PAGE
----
Legislative Roundup: Minimum Wage Bill Would Raise Hourly Rate by $2

by Mark Carter  on Monday, Mar. 4, 2013 12:00 am  

Butch Wilkins

Recent headlines notwithstanding, guns and abortion aren’t the only topics being debated at the 89th General Assembly.

This week, business owners will be watching a bill that would raise the state minimum wage from $6.25 an hour to $8.25.

If passed, House Bill 1402 by Rep. Butch Wilkins, D-Bono, would raise the minimum wage beginning Oct. 1 of this year. Currently, the federal minimum wage is $7.25 an hour.

Wilkins’ proposal also would effectively lower the hourly rate for student employees from $5.52 to $5.36.

The bill has been given special order status and is scheduled to be heard in the House Public Health, Welfare & Labor Committee on Tuesday morning.

No other legislators have signed on to co-sponsor, and not surprisingly, the Arkansas State Chamber of Commerce opposes the measure.

Tax Cuts for Manufacturers

Manufacturers likely will be rooting for House Bill 1218, which finally could see its way onto the House Revenue agenda this week after adding technical corrections and co-sponsors.

The bill — by Sen. Bill Sample, R-Hot Springs, and Rep. Lane Jean, R-Magnolia — would exempt manufacturers and “independent power producers” from sales tax in 2014 and reduce the sales tax paid on utilities by from 2.625 percent to 1 percent in 2013.

It also would continue a phased reduction of the excise tax paid on natural gas used in the production of electricity.

More Guns, Abortion

Of course, bills related to guns and abortion generated some action last week. Gov. Mike Beebe publicly criticized Lt. Gov. Mark Darr for signing a bill to make secret the names of those 130,000 or so Arkansans who have concealed carry permits.

Beebe had said he wouldn’t veto the measure, nor would he sign it. But on a day when he was out of town attending the National Governors Association meeting in Washington, D.C., Darr went ahead and signed it.

The move was symbolic; the bill would’ve become law anyway. Darr’s signature made it law a couple of days sooner.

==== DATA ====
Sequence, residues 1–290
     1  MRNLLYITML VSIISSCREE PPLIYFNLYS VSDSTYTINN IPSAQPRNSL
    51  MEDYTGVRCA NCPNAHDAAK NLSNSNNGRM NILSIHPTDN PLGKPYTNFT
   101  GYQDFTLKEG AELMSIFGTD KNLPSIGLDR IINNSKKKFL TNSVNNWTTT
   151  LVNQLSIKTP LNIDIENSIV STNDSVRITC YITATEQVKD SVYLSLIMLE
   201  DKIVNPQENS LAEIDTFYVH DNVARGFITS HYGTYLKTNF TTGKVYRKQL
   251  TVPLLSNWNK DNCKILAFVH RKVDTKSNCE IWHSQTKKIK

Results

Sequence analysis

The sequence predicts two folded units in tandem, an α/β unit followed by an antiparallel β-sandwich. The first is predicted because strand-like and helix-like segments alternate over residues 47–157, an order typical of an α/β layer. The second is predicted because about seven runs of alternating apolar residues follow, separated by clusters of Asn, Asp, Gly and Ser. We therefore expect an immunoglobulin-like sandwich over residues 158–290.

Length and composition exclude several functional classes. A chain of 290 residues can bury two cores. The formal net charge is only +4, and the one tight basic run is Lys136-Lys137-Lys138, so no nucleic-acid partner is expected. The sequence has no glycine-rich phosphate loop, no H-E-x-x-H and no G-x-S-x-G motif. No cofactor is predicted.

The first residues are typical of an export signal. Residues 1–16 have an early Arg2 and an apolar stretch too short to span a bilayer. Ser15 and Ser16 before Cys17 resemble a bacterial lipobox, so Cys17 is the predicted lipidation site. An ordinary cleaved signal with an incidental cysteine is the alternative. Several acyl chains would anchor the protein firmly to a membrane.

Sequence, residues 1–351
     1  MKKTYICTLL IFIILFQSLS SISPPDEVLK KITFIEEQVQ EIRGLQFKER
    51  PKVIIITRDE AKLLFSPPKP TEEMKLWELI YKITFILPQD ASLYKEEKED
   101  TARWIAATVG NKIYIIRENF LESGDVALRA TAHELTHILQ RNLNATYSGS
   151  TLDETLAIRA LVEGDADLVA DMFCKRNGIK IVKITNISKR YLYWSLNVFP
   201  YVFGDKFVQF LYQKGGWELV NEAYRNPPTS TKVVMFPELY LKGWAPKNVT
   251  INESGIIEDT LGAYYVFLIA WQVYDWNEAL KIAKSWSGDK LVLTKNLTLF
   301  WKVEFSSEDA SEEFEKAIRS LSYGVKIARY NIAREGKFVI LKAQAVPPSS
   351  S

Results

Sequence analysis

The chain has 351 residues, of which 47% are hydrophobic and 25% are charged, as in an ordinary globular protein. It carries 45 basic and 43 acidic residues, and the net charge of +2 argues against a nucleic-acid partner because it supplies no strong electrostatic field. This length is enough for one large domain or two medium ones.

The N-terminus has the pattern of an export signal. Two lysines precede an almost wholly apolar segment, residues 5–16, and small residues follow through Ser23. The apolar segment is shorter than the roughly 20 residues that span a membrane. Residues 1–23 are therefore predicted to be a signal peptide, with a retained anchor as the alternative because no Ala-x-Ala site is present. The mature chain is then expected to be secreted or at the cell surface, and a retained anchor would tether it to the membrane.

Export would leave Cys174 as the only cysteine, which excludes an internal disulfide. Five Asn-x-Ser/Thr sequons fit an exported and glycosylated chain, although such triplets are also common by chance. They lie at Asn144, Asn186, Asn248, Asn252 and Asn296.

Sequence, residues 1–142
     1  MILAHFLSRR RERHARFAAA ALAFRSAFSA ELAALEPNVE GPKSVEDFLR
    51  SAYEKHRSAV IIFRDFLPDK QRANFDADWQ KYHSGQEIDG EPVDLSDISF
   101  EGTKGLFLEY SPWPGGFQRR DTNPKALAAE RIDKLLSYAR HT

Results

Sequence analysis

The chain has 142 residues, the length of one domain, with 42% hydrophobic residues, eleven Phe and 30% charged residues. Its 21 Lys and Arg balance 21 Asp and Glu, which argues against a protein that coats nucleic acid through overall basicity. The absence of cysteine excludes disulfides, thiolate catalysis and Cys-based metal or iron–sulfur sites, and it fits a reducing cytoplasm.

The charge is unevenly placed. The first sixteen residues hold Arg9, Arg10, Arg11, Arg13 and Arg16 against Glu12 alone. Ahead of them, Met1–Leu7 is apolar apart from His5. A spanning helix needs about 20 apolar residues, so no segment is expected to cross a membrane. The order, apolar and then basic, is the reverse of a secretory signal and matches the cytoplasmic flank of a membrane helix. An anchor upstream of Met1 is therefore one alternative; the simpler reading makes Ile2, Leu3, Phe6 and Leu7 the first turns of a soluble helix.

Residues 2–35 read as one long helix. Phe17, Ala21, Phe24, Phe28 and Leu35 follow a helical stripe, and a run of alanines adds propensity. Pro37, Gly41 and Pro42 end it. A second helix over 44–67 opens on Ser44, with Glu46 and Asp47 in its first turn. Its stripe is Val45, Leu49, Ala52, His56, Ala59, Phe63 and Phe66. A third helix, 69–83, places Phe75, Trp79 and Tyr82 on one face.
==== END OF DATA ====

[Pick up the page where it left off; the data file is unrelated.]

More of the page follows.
Meanwhile, a bill that would convert those concealed carry permits to open carry permits failed to advance out of House committee.

Its sponsor, Rep. Sue Scott, R-Rogers, will likely amend and run it again. The proposal failed on a 10-9 vote in the House Judiciary Committee (on which Democrats hold a 13-7 majority).

Beebe did veto the 20-week abortion ban bill last week only to have both chambers override it, and as of Friday was awaiting another abortion ban to reach his desk.

A bill outlawing most procedures after 12 weeks of pregnancy cleared its final hurdle in the Senate on Thursday. Beebe hadn’t said publicly whether he’d veto it as well, but he did say he believed the measure wouldn’t stand up in court.

On Thursday, the House Education Committee voted down a bill by Rep. Homer Lenderman, D-Brookland, which would have allowed Arkansas school districts to pay existing school employees extra money to undergo training and carry guns on school property as a security measure.

Net Operating Loss

A bipartisan measure to extend the period for which a net operating loss could be carried forward for calculating state income tax is ready to begin its legislative journey in the Senate Revenue Committee.

Senate Bill 108 by Sen. Keith Ingram, D-West Memphis, and sponsored in the House by Rep. Jeremy Gillam, R-Judsonia, would extend the carry-forward period by 10 years or until the loss is exhausted or absorbed by the taxable income of a succeeding year, whichever comes first.

According to the Arkansas State Chamber, Arkansas is one of seven states that restricts the carry-forward period to five years only.

More than 40 states permit carry-forward periods of 10 to 20 years and 18 states allow both carry-forward and carry-back periods.

A revenue impact statement from the state’s Department of Finance & Administration estimates revenue loss of $13.6 million for fiscal year 2020, extending out to $63.4 million for FY2024 and beyond.



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